Michael Laurence studied biology and creative writing at the University of Colorado and holds multiple advanced certifications in medical imaging.
Before becoming a full-time author, he worked as an X-ray/CT/MRI technologist and clinical instructor. He lives in suburban Denver with his wife, four children, and a couple of crazy Labrador Retrievers.
The following is an excerpt from “The Extinction Agenda.”
Each week, The Colorado Sun and Colorado Humanities & Center For The Book feature an excerpt from a Colorado book and an interview with the author. Explore the SunLit archives at coloradosun.com/sunlit.
2020 Colorado Book Awards finalist for Thriller
Hickiwan District | Tohono O’odham Nation | Arizona
There are no shadows in the valley of death.
The sun blazes with such ferocity that anything resembling shade evaporates, like every last drop of water in this godforsaken desert—with the exception of the sweat that started soaking through the navy blue windbreakers of the FBI agents the moment they stepped out of the green- and-white Border Patrol Explorer, of course. It wasn’t even seven in the morning yet and already it had to be over a hundred degrees. Wavering ribbons of heat rose from the brick-red sands, making the creosotes and chollas and ocotillos appear to burn with invisible flames. A diamondback’s rattle buzzed from somewhere behind a snarled mass of flowering prickly pears.
Crazy to think that this desolate and essentially uninhabitable corridor was one of the most hotly contested regions on the planet.
Special Agent James Mason paused in the sparse shade of a saguaro cactus, lifted his ball cap, and wiped the sweat from his brow with his forearm. His close-cropped blond hair was already soaked. He reseated his hat, tugged down the brim to shield his eyes, and scrutinized the cloudless sky over the rocky crest uphill for the first sign of what was in store for them in the canyon on the other side. Supervisory Agent Javier Velasquez, the Border Patrol agent who’d driven them out here from Ajo Station, stood silhouetted against the rising sun. One of his best trackers was waiting for them at the site of the discovery he’d called in just over two hours ago.
By the time Mason reached the top, Velasquez was already picking his way down the eastern slope through a maze of cacti and paloverdes toward a dry wash lined with ironwoods and hackberry trees on this side and a stratified red escarpment on the other. They were roughly twenty miles north of the Arizona-Mexico border, twenty-five in every direction from anything that could pass for civilization, and deep in the Ajo Mountains.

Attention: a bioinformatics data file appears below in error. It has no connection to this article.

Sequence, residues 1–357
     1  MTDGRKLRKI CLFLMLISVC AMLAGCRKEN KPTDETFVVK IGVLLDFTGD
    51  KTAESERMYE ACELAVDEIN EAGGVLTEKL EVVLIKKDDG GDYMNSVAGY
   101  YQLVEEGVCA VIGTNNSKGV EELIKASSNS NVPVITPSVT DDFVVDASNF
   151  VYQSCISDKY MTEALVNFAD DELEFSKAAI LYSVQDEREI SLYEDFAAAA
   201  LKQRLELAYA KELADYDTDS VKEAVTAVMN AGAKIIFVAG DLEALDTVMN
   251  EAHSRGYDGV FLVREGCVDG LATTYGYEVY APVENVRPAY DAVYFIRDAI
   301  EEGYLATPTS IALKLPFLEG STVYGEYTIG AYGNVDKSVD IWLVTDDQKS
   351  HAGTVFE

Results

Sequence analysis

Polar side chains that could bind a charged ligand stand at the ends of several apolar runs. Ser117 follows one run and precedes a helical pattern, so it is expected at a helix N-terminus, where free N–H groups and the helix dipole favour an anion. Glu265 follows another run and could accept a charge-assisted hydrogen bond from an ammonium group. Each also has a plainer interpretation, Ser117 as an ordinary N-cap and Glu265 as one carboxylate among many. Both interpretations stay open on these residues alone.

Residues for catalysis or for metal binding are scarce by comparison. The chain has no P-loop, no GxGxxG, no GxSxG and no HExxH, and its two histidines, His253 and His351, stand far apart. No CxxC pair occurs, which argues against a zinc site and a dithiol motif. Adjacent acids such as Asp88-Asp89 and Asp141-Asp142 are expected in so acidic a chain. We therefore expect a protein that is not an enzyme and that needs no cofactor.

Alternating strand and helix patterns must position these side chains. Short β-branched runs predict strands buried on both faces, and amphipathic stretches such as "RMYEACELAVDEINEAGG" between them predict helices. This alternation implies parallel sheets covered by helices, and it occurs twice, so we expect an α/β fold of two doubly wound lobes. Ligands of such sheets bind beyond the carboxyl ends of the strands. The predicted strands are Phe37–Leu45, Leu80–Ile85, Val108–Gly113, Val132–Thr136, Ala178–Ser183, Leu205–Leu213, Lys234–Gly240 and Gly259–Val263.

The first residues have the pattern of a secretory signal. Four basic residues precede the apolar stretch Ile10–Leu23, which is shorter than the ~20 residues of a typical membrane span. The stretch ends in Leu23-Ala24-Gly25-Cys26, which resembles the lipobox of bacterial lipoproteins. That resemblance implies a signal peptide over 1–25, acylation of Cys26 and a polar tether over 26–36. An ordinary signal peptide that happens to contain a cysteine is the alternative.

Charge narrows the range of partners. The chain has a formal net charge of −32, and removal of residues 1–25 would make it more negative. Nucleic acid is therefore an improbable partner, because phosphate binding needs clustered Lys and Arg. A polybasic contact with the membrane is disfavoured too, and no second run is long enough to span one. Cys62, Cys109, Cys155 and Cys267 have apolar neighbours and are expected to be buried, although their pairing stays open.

Mason caught a glimpse of a dark hunched shape in the streambed as he glanced through the branches of an ironwood, the emerald leaves of which shimmered like a viper’s scales. He raised his hand to block out the sun and again scanned the cloudless sky.
“Where are all the carrion birds?”
Special Agent Spencer Kane clapped him on the shoulder as he passed.
“You figure out in a hurry that any exertion costs you hydration, and once you start losing fluids, there’s just about no way of getting them back.” He was tall and had the kind of physique that made it impossible to determine his age. His Nordic blue eyes were framed by crow’s-feet and his hair had faded from blond to silver, but he carried himself with the air of a man in his prime. “First lesson you need to learn out here. Don’t waste your energy. Even the buzzards know that.”
Mason followed Kane to the edge of the trees, where the branches still shook from Velasquez’s passage. They’d only been partners for a few years, but they went way back. Kane had personally recruited Mason at a time when the latter desperately needed to find his direction in life, then served as something of a long-distance mentor through the FBI Academy in Quantico and Mason’s first posting in the Twin Cities. He’d been instrumental not only in bringing Mason back home to the Denver Field Office, but in securing his assignment to this high-profile strike force, which would be a nice feather in his protégé’s professional cap.
“Remember that human-trafficking ring we shut down a while back?” Mason asked.
“Bastards knew they were about to get caught, so they killed those poor girls and buried them out in the corn rows.”
“We spent three months tracking them and still might never have found the farm where they were holed up if it hadn’t been for all the crows in the fields.”
“You think we’re wasting our time here?”
“I sure as hell hope so.”
They pressed through the thorny branches and hopped down from the bank onto the coarse gravel and silt. Mason hadn’t noticed there’d been a gentle breeze until it was gone. The air was heavy and oppressive. A horrible stench hit him squarely in the face. He covered his mouth and nose, but the damage was already done. The smell of decomposition was already lodged in his sinuses.
Velasquez stood with his back to them, conferring with his subordinate, who glanced up at them with an expression of apprehension, if not outright suspicion. He had Hispanic dark skin and eyes and wore the standard forest green paramilitary uniform all USBP enforcers wore in the field, with a Heckler & Koch P2000 .40-caliber semiautomatic on one hip and a telescoping steel baton on the other. He acknowledged them with a nod.
The dirt crunched underfoot as they approached. Mason stopped short when he saw the reason they’d been summoned all the way out here and whistled appreciatively.
“Now that’s what I call a taxidermist’s wet dream,” Kane said. “Now … just for the sake of argument, let’s pretend I’m not a taxidermist. How about instead I’ll be a federal agent who was unceremoniously awakened from a dream co-starring the lovely Sofía Vergara and has yet to have his first cup of coffee.”
“Lead Border Patrol Agent Rafael Silva,” Velasquez said by way of introduction. “These men represent the FBI on the Bradley Strike Force. Special Agents Kane and…”
“Mason,” he said, and shook Silva’s dirty hand. “Special Agent James Mason.”
“Wonderful,” Kane said with a clap. “Now that we’re all old friends, why don’t you tell me, Lead Agent Silva, what in the name of God does any of this have to do with me?”
Silva glanced at his boss, who gestured for him to proceed.
“I was cutting sign down off the Destruya Drag—”
“That means he was searching for tracks or any other indication that undocumented aliens had recently passed through,” explained Velasquez, interrupting.
“Right. We’d just busted up a route the smugglers had been using for a while, so we knew word would get back to the coyotes and they’d be forced to adapt on the fly. Branch off their usual path somewhere south of here. I picked up sign about three miles down the wash and followed the tracks until I caught a whiff of this stench.”
Mason scrutinized the trail leading in their direction from the south. There was a riot of footprints, one set trampled on top of another. Staggering gaits. Uneven treads. At least six distinct sets of tracks. There were disturbances in the dirt, where it looked as though one of them had fallen and struggled to rise again.